I've been meaning to write this post for, apparently more than four months now. When I finally sat down to write about an article that I thought I'd read a few weeks ago, it turned out that said article was actually from the June 2014 issue of Quill and Quire. Once I considered and rejected the possibility that I had contracted some sort of neurological virus that caused me to lose months of memory at a time, I concluded that I am simply rather lazy and need to post more often.
So, many months ago, supposedly, I came across this fantastic column by the incredibly talented Nadia Bozak.
I do not know Bozak personally, but I have been somewhat obsessed with her debut novel, Orphan Love, since it was first published in 2007. This is one of a handful of books that I would consider trajectory changing for me, in terms of my writing life. It feels simultaneously experimental and digestible. The story revolves around the romantic relationship, and attendant social struggles, of a pair of misfits, and yet is able to employ elements of mystery and thriller as well. It's a kick-ass book. Rough, and fun, and interesting. Reading it, I kept thinking, "This feeling, this one that I'm getting right now, I wish I got this feeling from every book." It was a feeling of being emotionally engaged in the characters and their relationship, tempered by a healthy does of surprise, and perhaps shock. I understood the story and the people in it, but I was constantly reminded that I didn't know them, that they were unknowable, at least until I had reached the last page.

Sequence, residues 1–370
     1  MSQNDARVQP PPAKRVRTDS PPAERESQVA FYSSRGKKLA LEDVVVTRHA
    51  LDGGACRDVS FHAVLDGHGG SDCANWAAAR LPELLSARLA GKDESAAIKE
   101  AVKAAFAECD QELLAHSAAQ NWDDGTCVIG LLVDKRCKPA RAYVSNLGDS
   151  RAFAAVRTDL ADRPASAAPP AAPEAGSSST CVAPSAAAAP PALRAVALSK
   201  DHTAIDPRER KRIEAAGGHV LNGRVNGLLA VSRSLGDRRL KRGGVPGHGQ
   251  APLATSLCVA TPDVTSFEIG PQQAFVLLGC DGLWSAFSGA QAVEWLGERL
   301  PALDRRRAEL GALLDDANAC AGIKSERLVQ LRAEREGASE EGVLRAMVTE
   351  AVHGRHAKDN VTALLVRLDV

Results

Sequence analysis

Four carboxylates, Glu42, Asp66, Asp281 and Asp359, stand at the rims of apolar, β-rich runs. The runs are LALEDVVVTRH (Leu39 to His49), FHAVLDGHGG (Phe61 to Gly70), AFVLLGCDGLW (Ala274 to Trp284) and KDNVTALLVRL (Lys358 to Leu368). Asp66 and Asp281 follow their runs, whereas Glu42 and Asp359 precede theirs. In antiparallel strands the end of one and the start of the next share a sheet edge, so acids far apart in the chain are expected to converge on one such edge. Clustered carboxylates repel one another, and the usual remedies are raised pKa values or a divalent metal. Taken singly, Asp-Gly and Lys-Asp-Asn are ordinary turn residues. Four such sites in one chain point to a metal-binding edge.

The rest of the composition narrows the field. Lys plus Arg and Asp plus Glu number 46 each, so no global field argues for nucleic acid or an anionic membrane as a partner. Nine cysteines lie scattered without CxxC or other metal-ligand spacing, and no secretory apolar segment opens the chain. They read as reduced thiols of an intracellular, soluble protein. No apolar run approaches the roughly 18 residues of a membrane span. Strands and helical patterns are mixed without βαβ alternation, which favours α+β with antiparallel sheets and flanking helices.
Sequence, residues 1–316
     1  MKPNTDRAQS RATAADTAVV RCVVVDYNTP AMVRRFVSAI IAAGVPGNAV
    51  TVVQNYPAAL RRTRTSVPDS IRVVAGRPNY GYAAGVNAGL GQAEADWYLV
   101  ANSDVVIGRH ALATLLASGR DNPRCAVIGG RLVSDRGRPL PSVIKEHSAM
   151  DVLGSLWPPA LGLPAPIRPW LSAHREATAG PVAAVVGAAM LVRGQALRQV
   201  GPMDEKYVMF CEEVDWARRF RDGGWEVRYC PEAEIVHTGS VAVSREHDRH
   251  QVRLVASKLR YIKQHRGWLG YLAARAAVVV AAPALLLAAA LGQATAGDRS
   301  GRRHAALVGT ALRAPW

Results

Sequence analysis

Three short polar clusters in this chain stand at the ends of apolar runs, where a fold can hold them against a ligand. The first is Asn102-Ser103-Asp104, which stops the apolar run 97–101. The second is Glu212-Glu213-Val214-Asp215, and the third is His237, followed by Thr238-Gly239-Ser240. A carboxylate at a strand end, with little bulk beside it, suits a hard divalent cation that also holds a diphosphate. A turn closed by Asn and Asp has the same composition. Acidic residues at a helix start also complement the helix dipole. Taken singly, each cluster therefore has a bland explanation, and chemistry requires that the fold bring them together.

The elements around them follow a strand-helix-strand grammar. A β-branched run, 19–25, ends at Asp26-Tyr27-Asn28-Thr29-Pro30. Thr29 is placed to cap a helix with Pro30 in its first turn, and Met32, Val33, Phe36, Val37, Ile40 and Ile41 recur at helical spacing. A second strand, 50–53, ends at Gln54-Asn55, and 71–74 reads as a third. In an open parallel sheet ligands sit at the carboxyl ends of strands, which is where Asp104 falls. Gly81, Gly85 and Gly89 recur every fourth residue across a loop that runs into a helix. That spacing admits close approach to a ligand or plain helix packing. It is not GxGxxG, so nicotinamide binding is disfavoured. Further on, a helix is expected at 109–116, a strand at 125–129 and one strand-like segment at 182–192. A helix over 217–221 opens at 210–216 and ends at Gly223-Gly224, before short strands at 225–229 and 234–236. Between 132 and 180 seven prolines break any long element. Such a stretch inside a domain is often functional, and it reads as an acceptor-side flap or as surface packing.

It is the same feeling I got reading Whispers the Missing Child by D.O. Dodd, The Border Trilogy by Cormac McCarthy, and, perhaps unexpectedly, A Complicated Kindness and Summer of My Amazing Luck by Miriam Toews.
What I did not get from Orphan Love, taken completely on its own and judging it on the prose alone, is how much of a "McCarthy-head" Bozak is. That fact becomes much more clear in her sophomore novel, El Nino, but I am still devouring that one, so perhaps more on that topic at a later date.
Bozak's love of the McCarthy canon is something that hits very close to home for me as well. The simultaneous affection for and feeling of alienation from his work is incredibly familiar. To see Orphan Love as an intuitive response to Blood Meridian opens up a million mental doors for me in forming a deeper understanding of the novel.
I think many writers struggle with an inability to write intuitively, to simply immerse ourselves in a story and tell it in the best way we can, with feeling and relatability as the cornerstones, rather than "big ideas" or "point to prove." I would say this is particularly challenging in the early stages of a piece, before the story has fully formed in our minds, before we ourselves really know the characters.
Read Orphan Love, if you have not already. It's available in e-book format on Kobo and Kindle.